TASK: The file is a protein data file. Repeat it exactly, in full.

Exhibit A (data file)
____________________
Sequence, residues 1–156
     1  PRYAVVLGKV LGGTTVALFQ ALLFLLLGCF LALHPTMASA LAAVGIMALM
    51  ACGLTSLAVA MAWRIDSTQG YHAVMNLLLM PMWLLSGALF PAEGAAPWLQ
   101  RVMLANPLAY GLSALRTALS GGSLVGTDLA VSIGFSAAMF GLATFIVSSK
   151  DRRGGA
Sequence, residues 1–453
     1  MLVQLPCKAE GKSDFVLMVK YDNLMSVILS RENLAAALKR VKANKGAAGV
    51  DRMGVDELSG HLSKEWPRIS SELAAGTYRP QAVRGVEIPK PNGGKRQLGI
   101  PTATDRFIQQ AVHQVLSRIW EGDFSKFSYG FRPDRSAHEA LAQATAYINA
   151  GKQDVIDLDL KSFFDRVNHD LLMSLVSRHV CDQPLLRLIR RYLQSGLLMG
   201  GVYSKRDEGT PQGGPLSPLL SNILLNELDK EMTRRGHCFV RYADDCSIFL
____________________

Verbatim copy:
Sequence, residues 1–156
     1  PRYAVVLGKV LGGTTVALFQ ALLFLLLGCF LALHPTMASA LAAVGIMALM
    51  ACGLTSLAVA MAWRIDSTQG YHAVMNLLLM PMWLLSGALF PAEGAAPWLQ
   101  RVMLANPLAY GLSALRTALS GGSLVGTDLA VSIGFSAAMF GLATFIVSSK
   151  DRRGGA
Sequence, residues 1–453
     1  MLVQLPCKAE GKSDFVLMVK YDNLMSVILS RENLAAALKR VKANKGAAGV
    51  DRMGVDELSG HLSKEWPRIS SELAAGTYRP QAVRGVEIPK PNGGKRQLGI
   101  PTATDRFIQQ AVHQVLSRIW EGDFSKFSYG FRPDRSAHEA LAQATAYINA
   151  GKQDVIDLDL KSFFDRVNHD LLMSLVSRHV CDQPLLRLIR RYLQSGLLMG
   201  GVYSKRDEGT PQGGPLSPLL SNILLNELDK EMTRRGHCFV RYADDCSIFL